A comparative ultrastructural study of tintinnid loricae (Alveolata, Ciliophora, Spirotricha) and a hypothesis on their evolution

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Abstract

Tintinnid ciliates build loricae, whose structure, shape, and size still largely represent the basis for taxonomy and classification, although genetic analyses demonstrated their limited utility for inferring evolutionary relationships. The textures of the lorica walls, however, result from the chemical and physical properties of the forming material, which is supposed to be rather conserved in closely related taxa, viz., congeners and confamilial genera. Within a particular texture, small deviations in the chemical composition might affect the wall's stickiness and accordingly its capability to adhere foreign particles, explaining the intertwining of tintinnids with hyaline and agglutinated loricae in phylogenetic inferences. In a comprehensive comparative study, the lorica textures were electron microscopically and morphometrically analyzed in 21 species from 17 genera and more than nine families together with literature data. Most species were investigated for the first time, and the taxa cover a substantial portion of the molecular genealogy. The phylogeny-aware analysis of the lorica-related features provides a preliminary hypothesis on lorica evolution. Eventually, this conspectus suggests the dominance of hard lorica walls with an alveolar texture and proposes different modes of lorica formation.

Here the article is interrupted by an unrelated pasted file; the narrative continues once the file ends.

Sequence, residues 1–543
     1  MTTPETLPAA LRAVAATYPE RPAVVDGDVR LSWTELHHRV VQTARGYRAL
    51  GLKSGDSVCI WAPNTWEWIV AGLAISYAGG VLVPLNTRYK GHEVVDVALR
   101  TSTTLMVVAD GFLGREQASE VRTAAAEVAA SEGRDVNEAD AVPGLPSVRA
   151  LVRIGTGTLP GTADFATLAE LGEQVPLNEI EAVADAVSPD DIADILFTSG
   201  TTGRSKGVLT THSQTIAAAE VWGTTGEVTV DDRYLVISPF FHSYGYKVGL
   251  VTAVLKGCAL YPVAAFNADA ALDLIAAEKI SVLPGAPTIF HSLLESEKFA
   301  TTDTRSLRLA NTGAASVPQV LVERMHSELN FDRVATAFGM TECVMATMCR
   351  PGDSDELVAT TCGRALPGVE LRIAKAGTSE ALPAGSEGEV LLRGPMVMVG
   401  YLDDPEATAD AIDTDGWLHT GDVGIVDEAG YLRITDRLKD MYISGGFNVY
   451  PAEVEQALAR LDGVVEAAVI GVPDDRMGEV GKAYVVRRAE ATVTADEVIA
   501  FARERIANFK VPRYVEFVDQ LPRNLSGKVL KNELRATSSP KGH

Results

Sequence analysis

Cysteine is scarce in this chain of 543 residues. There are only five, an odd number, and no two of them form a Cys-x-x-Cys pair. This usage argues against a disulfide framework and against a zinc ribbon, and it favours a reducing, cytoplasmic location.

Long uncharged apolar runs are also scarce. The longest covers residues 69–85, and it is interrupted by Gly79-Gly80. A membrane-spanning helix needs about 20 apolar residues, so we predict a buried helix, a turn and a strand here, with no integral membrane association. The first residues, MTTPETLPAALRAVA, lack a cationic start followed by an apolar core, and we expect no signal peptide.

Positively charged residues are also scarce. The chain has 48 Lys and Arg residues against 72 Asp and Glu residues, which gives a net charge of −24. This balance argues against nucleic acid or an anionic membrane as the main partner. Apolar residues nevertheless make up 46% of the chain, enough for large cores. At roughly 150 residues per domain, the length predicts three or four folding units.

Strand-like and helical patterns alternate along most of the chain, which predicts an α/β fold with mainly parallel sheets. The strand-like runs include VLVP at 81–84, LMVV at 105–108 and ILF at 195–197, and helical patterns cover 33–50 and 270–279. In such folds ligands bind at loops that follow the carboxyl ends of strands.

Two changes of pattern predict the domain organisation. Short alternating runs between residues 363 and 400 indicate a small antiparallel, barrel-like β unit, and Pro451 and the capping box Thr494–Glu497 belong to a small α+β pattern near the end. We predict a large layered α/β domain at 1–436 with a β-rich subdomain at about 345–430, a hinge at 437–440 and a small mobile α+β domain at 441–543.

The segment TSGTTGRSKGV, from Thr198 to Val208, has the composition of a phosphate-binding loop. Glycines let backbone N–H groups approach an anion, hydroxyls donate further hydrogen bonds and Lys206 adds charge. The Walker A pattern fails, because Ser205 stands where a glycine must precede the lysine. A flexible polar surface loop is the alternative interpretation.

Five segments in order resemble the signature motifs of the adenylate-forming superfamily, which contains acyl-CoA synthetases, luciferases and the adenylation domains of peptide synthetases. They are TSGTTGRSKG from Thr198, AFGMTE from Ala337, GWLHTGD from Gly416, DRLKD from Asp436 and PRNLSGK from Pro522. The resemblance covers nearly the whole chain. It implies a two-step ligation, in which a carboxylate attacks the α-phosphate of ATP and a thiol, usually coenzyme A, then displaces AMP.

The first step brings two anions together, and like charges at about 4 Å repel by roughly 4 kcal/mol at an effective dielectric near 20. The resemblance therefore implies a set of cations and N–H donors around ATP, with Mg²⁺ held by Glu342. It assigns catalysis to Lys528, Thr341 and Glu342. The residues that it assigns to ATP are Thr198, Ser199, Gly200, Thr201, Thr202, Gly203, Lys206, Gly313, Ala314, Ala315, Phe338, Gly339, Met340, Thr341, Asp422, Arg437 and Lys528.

Original languageEnglish
Article numbere12877
Pages (from-to)1-36
JournalJournal of Eukaryotic Microbiology
Volume69
Issue number2
Early online date2021
DOIs
Publication statusPublished - 2 Mar 2022

Bibliographical note

Publisher Copyright:
© 2021 The Authors. Journal of Eukaryotic Microbiology published by Wiley Periodicals LLC on behalf of International Society of Protistologists

Keywords

  • character evolution
  • lorica formation
  • scanning electron microscopy
  • transmission electron microscopy
  • wall texture

Fields of Science and Technology Classification 2012

  • 106 Biology

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